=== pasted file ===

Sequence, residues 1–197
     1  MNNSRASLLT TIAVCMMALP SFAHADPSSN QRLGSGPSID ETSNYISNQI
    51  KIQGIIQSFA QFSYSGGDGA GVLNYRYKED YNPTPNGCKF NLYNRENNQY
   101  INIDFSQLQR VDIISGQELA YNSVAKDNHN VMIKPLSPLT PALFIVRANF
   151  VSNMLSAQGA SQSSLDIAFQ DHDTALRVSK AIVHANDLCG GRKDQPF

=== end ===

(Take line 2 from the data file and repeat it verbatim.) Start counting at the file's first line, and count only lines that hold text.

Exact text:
     1  MNNSRASLLT TIAVCMMALP SFAHADPSSN QRLGSGPSID ETSNYISNQI